Finally, it’s important for you and our clients to understand that the average mortgage is held for less than 7 years…and they are not at all married to that rate, especially if they get better!

If you or your clients are considering a purchase, your real estate search shouldn’t go on hold because of rising inflation or higher mortgage rates.  Contact me for more…as it would be my pleasure to help you.

Inflation and Real Estate – Should Buyers Wait? History Says “NO!”

miniature village photo

Inflation is hot…and so is real estate.  But what does the future hold for both?

a laptop with graph on screen

As we’ve talked about before, the Federal Reserve is late to the party in dealing with inflation and the latest data shows the rate of inflation is still rising.

Many are feeling the pinch in their wallets, at the gas pump, and at the grocery store.

For would-be real estate buyers that just begs the question…is now a good time to purchase a home?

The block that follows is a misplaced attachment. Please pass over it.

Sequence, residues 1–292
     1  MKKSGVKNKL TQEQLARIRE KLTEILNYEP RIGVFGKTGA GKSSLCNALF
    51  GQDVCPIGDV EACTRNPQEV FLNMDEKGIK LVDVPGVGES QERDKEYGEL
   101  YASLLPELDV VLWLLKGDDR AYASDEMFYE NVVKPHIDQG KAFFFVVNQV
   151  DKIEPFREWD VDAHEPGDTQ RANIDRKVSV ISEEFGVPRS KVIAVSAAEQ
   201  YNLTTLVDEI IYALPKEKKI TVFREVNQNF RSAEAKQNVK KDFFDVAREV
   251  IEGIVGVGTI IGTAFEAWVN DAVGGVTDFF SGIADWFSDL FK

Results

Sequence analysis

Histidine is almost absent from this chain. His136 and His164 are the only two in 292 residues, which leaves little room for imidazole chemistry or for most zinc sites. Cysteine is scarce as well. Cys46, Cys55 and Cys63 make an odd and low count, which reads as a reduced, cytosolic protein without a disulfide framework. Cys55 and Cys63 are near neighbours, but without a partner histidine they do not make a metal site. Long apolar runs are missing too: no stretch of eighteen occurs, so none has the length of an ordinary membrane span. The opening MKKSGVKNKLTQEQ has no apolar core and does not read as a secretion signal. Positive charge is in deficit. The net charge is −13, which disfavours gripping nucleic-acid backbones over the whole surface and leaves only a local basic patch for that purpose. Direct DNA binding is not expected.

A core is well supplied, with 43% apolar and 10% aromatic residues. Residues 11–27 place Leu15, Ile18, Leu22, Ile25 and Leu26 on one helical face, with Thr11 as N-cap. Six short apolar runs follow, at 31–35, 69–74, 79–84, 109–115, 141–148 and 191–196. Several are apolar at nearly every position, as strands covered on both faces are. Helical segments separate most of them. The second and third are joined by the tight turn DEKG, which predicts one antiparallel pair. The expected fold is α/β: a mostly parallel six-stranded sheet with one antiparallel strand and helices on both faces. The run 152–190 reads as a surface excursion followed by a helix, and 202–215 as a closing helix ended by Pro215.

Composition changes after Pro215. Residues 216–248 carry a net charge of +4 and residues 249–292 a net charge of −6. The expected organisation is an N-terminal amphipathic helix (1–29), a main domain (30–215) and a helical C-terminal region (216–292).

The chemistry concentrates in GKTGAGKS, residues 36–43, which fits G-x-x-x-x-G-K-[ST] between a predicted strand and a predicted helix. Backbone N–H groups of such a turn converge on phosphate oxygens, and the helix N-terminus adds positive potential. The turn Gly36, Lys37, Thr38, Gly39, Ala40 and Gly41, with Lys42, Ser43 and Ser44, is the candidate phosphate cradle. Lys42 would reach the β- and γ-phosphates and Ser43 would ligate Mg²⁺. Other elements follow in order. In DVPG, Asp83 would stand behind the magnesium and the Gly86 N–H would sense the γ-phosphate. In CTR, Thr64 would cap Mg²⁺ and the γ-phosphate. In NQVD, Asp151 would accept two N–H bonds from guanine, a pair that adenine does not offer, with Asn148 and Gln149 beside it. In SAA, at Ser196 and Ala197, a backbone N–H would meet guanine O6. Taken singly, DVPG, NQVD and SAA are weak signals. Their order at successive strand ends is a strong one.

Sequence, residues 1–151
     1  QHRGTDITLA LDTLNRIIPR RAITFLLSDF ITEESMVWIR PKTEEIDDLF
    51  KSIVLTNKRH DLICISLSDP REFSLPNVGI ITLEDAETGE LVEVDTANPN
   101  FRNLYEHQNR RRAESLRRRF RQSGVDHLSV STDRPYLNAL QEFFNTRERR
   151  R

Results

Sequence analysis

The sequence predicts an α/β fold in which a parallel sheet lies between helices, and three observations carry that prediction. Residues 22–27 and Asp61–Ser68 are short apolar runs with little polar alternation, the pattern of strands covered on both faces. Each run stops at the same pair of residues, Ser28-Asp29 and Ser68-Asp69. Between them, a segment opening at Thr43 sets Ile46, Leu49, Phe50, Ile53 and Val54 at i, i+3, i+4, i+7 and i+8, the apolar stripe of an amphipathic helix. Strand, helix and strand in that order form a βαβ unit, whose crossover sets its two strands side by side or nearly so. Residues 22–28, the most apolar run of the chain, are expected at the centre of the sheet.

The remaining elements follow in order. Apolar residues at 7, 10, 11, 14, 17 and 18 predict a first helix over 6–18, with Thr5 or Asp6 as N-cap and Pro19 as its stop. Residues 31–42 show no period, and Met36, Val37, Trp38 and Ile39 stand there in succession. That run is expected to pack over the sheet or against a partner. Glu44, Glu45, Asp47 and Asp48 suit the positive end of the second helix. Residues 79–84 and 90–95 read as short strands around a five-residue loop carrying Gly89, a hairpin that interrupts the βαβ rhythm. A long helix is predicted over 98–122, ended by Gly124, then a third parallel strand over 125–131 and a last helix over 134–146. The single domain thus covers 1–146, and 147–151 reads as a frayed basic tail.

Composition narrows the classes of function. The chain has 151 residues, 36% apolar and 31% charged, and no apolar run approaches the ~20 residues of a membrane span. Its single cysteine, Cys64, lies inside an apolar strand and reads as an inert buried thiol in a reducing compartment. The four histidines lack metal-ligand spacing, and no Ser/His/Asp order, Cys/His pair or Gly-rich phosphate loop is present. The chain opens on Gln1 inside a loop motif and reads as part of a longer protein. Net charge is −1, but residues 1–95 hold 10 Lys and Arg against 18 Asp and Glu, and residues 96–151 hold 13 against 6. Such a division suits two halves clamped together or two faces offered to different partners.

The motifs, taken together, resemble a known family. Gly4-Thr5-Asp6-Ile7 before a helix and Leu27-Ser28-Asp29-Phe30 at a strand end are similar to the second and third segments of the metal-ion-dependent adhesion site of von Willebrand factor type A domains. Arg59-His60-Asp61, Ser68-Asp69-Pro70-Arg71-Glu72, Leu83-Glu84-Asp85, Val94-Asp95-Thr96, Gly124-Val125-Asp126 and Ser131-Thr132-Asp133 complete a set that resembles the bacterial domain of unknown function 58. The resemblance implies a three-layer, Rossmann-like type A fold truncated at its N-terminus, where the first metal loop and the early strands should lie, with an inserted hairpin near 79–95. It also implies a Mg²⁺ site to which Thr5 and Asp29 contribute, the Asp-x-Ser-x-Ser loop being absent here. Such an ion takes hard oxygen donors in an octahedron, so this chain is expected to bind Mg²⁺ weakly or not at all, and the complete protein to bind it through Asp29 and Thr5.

I’m linking to an article from the real estate blog Keeping Current Matters, and the author does a great job in highlighting why now might be a very good time to buy.  You can access the entire article here…

Greg McBride, the Chief Financial Analyst at Bankrate, explains how inflation is affecting the housing market:

“Inflation will have a strong influence on where mortgage rates go in the months ahead…Whenever inflation finally starts to ease, so will mortgage rates — but even then, home prices are still subject to demand and very tight supply.”